Aging Parents Refusing Help: How to Respond
Here’s how to be a respectful caregiver for elderly parents without sacrificing your own happiness:
Signs such as avoiding the loved one, anger, fatigue, depression, impaired sleep, poor health, irritability or that terrible sense that there is “no light at the end of the tunnel” are warnings that the caregiver needs time off and support with caregiving responsibilities.
Legally, some states (28 of them) have Filial Responsibility Laws on the books requiring adult children to financially care for aging parents. Morally, many adult children feel obligated to care for their parents as they age but family dynamics and psychological issues may impede that moral compass.
In the U.S., requiring that children care for their elderly parents is a state by state issue. Other states don’t require an obligation from the children of older adults. Currently, 27 states have filial responsibility laws. However, in Wisconsin, children are not legally liable for their elderly parents’ care.
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Caregivers are important if you don’t have the time to go visit your parents regularly. Beyond your own schedule, they also help aging parents with health care and chores and can keep them lively. You shouldn’t let the presence of a caregiver take your place in the lives of your aging parents.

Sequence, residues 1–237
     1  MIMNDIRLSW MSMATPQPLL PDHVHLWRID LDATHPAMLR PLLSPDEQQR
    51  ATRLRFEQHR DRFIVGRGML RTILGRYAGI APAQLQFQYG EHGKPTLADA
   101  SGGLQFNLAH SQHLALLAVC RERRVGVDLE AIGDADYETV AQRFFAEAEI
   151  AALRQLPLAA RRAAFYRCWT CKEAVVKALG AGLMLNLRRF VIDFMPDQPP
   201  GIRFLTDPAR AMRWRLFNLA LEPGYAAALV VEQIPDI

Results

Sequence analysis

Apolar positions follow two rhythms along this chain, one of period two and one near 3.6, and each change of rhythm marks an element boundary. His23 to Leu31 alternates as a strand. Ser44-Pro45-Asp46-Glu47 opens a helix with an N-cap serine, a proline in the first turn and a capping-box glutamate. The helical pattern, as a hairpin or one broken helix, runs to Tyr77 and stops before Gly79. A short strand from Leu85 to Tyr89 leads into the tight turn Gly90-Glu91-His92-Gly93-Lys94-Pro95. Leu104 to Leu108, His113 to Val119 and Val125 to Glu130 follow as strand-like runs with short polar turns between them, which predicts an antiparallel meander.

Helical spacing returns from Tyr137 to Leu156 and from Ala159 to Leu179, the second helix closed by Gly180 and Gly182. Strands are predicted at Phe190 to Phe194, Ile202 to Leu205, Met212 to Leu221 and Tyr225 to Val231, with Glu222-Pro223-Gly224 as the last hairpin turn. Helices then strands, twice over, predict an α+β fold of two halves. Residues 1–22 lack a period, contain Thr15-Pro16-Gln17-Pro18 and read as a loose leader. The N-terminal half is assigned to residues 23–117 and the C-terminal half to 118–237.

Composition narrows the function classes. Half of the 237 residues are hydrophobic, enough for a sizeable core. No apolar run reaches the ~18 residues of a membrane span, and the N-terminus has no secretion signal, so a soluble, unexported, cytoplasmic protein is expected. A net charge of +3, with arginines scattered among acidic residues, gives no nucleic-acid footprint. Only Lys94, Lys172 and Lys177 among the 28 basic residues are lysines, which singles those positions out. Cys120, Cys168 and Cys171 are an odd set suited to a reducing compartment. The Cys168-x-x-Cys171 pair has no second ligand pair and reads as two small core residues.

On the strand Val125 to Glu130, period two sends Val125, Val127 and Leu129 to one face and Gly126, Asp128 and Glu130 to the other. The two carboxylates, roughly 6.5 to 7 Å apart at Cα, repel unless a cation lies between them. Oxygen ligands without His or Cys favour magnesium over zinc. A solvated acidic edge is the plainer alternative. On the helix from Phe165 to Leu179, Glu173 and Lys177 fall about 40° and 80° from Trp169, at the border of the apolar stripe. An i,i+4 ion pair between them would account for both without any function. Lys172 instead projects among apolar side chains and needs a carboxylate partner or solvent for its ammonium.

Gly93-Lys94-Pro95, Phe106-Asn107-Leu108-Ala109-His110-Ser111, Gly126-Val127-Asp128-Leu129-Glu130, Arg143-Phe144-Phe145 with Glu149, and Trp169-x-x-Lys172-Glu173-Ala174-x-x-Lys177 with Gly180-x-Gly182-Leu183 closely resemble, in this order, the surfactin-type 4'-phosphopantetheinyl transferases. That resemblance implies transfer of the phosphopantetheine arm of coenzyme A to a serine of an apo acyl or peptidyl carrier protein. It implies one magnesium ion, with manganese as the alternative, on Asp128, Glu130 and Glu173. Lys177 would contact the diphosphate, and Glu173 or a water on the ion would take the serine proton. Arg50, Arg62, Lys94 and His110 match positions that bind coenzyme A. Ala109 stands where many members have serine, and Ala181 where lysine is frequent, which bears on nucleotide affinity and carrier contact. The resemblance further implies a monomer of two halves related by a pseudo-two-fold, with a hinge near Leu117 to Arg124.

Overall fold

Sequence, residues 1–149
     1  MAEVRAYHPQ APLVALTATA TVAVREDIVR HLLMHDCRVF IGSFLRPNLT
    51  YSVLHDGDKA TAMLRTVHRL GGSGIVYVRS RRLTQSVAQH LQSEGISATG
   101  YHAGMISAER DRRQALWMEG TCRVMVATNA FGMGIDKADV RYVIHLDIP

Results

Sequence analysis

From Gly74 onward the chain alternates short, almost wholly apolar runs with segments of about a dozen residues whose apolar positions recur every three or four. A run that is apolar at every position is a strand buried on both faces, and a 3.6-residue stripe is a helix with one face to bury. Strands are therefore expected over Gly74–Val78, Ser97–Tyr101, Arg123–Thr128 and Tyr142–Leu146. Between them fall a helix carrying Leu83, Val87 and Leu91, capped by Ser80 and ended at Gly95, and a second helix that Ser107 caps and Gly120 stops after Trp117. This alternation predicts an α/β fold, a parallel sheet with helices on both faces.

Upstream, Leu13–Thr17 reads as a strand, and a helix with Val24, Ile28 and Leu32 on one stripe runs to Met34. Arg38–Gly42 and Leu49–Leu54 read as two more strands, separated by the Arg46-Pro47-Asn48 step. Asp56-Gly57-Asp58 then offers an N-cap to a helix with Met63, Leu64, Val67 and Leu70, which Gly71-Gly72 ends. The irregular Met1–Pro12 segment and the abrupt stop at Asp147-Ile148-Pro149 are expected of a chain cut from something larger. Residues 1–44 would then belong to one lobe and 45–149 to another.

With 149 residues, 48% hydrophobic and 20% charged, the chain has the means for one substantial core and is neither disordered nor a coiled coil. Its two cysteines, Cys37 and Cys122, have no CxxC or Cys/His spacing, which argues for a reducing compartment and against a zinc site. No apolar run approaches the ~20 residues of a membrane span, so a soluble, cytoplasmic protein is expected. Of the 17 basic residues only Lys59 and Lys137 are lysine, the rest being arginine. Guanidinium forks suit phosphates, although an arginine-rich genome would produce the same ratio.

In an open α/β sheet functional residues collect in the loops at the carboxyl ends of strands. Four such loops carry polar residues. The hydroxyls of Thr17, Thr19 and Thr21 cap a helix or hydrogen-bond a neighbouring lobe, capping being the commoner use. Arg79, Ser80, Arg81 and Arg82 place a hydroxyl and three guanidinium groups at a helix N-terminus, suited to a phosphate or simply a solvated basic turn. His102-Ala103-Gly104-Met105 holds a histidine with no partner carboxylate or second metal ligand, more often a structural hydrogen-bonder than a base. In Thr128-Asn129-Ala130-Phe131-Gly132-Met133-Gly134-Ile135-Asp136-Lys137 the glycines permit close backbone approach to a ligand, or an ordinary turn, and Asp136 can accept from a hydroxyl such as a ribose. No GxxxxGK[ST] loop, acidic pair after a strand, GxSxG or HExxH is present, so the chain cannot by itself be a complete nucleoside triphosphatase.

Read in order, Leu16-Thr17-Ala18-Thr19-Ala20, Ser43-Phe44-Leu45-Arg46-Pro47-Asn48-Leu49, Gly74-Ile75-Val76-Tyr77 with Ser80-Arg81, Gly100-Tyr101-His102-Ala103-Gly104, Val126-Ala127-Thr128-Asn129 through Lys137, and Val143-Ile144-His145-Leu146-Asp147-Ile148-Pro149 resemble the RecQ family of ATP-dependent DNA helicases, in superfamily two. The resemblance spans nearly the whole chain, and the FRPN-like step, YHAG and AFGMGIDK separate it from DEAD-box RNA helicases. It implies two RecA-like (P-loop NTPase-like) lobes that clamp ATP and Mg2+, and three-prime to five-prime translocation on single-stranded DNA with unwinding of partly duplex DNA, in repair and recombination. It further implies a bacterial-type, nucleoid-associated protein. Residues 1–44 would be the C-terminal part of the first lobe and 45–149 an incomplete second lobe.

Why do elderly parents become mean sometimes? Physical and mental health problems that lead to cognitive change also often lead to behavioral changes. This is due to the loss of neurons in the brain, and the way it affects an elderly person’s behavior depends on where this neuron loss is occurring.
Hold a meeting with family and friends who have an interest in the person’s care. Explain why you must stop caregiving. Ask if anyone is able to take over the job or if a few people might share the responsibilities. If no one is willing, talk about what other options may be available.
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These laws, called filial responsibility laws, obligate adult children to provide necessities like food, clothing, housing, and medical attention for their indigent parents.
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A nursing home doesn’t take all of your money the second you walk through the door. Nursing homes do cost a tremendous amount of money – often over $200 a day – so, eventually, a person may end up paying all of his money to the nursing home, if he lives long enough in the nursing home.